Bloomsburg University’s Corporate Institute challenges professionals
For Immediate Release
Date: October 4, 2006
BLOOMSBURG— Students pursuing a master’s degree in business administration aren’t often asked to climb 50 feet into the air and maneuver around an obstacle course set high in the trees. But, students in Joan Benek-Rivera’s class at Bloomsburg University of Pennsylvania say the high ropes experience is a valuable one, professionally and personally.
For the past three years, Benek-Rivera, associate professor and chair of the management department, has required students in her Professional Development Skills class to participate in a high ropes course, run by BU’s Corporate Institute. The course is located on Bloomsburg University’s campus and requires participants to climb up a telephone pole and move through a series of obstacles before rappelling to the ground. The program is run entirely by students trained through BU’s Quest program.
“(The course) helps students overcome their fears,” Benek-Rivera said. “We do this in conjunction with our first unit, which focuses on self-awareness—learning about your strengths and weaknesses. It teaches them to deal with uncertainty, and these personal lessons transfer into their professional lives.” Nineteen MBA students participated in the course this year.
The Corporate Institute offers hundreds of team-building programs every year to companies throughout the northeast and at locations across the country. According to Corporate Institute Director Roy Smith, the courses and workshops “are focused on developing the potential of people, particularly in groups of professionals.”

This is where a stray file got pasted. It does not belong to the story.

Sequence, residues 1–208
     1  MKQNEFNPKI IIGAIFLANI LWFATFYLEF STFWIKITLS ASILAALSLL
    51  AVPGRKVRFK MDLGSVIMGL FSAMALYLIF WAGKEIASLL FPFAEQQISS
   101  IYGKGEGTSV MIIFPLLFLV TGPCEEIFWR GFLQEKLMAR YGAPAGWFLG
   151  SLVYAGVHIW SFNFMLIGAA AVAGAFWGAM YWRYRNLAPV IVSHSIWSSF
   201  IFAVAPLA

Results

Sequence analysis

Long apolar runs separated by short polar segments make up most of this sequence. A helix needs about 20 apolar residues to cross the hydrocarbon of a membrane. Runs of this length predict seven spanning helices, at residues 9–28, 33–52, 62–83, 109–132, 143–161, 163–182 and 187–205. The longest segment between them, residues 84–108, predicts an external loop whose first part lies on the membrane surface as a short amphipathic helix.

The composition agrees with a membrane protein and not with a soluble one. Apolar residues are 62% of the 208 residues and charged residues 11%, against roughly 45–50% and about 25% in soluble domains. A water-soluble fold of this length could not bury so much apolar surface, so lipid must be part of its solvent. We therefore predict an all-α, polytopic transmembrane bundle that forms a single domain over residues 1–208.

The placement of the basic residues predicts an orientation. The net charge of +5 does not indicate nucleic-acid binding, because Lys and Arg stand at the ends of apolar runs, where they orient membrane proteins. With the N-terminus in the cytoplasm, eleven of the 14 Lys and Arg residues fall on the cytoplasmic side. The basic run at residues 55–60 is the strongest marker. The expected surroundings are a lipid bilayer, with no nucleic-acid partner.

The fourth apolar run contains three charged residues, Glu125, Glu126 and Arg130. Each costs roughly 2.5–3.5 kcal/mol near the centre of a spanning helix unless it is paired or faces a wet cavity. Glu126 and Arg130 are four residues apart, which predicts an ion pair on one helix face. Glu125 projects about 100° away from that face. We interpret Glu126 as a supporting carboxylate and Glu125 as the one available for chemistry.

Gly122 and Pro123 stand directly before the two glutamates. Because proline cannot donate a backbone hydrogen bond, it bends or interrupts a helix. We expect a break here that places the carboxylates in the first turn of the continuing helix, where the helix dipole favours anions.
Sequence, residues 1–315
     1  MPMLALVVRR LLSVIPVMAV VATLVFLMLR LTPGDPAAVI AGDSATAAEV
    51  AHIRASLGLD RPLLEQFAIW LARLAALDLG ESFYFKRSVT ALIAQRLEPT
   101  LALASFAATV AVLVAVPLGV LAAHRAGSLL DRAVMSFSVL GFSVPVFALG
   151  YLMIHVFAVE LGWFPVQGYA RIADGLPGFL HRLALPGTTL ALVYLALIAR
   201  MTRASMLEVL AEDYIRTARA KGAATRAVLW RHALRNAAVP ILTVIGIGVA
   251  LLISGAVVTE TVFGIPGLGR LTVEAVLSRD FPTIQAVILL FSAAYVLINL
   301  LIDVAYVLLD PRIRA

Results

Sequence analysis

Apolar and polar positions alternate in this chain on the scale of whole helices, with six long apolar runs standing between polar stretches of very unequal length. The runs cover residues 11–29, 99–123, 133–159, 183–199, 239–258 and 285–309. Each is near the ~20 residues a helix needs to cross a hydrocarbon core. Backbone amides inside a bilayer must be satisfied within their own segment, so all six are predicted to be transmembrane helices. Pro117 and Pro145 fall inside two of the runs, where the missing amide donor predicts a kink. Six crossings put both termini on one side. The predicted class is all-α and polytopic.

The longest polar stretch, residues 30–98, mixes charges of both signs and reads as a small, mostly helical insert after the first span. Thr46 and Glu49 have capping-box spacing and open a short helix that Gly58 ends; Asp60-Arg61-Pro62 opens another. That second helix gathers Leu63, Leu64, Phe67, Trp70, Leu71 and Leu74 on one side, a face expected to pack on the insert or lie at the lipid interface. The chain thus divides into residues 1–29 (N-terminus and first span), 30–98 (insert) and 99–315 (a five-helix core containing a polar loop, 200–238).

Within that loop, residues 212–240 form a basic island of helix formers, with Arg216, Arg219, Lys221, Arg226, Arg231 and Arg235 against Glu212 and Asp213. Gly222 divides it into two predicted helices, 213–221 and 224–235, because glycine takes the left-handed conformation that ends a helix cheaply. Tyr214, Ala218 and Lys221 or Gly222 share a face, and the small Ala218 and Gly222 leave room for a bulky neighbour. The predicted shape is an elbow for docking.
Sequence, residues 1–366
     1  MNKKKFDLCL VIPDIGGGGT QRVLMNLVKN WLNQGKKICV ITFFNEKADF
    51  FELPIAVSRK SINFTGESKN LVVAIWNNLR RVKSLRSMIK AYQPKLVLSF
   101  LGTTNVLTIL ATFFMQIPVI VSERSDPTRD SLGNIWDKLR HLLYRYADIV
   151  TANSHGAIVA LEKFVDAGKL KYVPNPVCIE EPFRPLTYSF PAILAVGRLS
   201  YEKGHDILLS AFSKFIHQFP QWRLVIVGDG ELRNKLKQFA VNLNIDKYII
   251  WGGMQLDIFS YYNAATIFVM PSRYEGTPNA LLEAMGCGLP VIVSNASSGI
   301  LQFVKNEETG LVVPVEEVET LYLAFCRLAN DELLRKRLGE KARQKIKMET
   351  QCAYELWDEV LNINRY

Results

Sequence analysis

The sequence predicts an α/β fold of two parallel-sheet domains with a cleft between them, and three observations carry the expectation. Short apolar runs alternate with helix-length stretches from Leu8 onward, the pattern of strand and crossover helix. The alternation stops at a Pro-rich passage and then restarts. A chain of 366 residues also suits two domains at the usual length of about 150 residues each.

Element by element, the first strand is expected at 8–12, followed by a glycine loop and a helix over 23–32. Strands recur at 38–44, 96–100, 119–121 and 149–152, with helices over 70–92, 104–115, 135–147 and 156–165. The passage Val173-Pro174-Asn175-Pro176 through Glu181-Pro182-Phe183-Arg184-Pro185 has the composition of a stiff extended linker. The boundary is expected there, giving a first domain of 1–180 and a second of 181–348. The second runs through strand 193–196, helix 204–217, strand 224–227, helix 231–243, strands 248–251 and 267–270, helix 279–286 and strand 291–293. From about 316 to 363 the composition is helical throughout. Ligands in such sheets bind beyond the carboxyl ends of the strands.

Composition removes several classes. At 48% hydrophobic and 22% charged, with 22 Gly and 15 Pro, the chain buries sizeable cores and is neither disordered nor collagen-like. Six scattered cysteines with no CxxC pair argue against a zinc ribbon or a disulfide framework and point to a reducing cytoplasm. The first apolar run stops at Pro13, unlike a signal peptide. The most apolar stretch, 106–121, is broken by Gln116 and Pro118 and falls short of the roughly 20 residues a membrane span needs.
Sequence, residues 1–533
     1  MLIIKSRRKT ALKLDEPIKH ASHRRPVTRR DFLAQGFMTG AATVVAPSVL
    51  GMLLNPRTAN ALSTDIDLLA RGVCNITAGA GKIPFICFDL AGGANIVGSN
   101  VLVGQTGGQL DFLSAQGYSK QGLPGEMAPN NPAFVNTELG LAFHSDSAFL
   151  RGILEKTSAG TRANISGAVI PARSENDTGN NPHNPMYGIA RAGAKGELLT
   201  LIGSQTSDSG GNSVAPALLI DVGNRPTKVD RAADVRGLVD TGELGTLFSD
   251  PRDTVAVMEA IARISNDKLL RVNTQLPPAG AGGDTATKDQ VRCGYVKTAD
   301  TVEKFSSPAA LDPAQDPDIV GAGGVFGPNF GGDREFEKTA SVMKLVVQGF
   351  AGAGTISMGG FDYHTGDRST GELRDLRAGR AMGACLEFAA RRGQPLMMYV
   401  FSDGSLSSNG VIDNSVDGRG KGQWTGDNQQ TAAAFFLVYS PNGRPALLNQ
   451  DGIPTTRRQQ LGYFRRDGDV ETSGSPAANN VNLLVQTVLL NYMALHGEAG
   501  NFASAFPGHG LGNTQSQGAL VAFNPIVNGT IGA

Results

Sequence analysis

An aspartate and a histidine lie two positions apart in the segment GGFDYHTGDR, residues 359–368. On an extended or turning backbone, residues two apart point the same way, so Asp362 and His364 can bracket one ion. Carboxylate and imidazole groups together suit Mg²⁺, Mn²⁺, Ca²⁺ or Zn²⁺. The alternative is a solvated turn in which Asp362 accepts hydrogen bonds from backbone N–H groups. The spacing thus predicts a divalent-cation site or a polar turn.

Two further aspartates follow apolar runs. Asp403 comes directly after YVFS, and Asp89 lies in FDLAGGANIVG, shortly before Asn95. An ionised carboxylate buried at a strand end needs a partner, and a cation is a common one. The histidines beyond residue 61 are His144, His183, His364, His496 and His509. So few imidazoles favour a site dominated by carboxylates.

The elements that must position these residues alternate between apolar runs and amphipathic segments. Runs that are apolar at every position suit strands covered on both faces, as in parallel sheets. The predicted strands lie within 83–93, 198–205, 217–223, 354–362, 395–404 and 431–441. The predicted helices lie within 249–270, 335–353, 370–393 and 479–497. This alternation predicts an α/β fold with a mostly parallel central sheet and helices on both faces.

Gloria Gerrity, vice president of the pediatric service line at Geisinger Health Systems, participated in the course as part of Benek-Rivera’s class. “I think in most college MBA programs, there are a lot of things you do in terms of learning from the classroom. This took us to a very different place and challenged us in a very different way,” Gerrity said.
Gerrity noted that while the Professional Development Skills class is not part of the required curriculum for BU’s MBA program, participating in the high ropes course “sets the program apart from other programs. Most students who select an MBA program are right brain thinkers who like control. The high ropes challenge…teaches you about how you react and respond to your own fear when in an environment out of your comfort zone.”
According to Smith, the high ropes course motivates individuals to think clearly in unfamiliar settings, a valuable skill for professionals already in the workforce. “I tell people to remember their coping mechanisms when they get up there,” Smith said. “How do they deal with the situation? And how can they take that and use it in other day-to-day situations?”
Gerrity believes the program would particularly benefit “someone who has been out of school for a period of time and chooses to come back into this environment again. It helps you to feel more confident with your own ability, and it helps people who want to be in control learn how to deal with situations that are out of their control.”
The MBA program at Bloomsburg University is one of approximately 500 programs accredited by the Association to Advance Collegiate Schools of Business (AACSB), according to Blair Staley, MBA program coordinator. Bloomsburg MBA students recently scored in the 80th percentile on the Education Testing Services MBA Major Field Test.
For more information on Bloomsburg University’s Corporate Institute, visit http://www.corporateinstitute.org, or contact Roy Smith at (570) 389-4323.
For more information on Bloomsburg University’s MBA program, contact Blair Staley, MBA program coordinator, at (570) 389-4392 or at email@example.com.
Bloomsburg University is one of 14 universities in the Pennsylvania State System of Higher Education. The university serves approximately 8,000 students, offering comprehensive programs of study in the colleges of Professional Studies, Business, Liberal Arts and Science and Technology.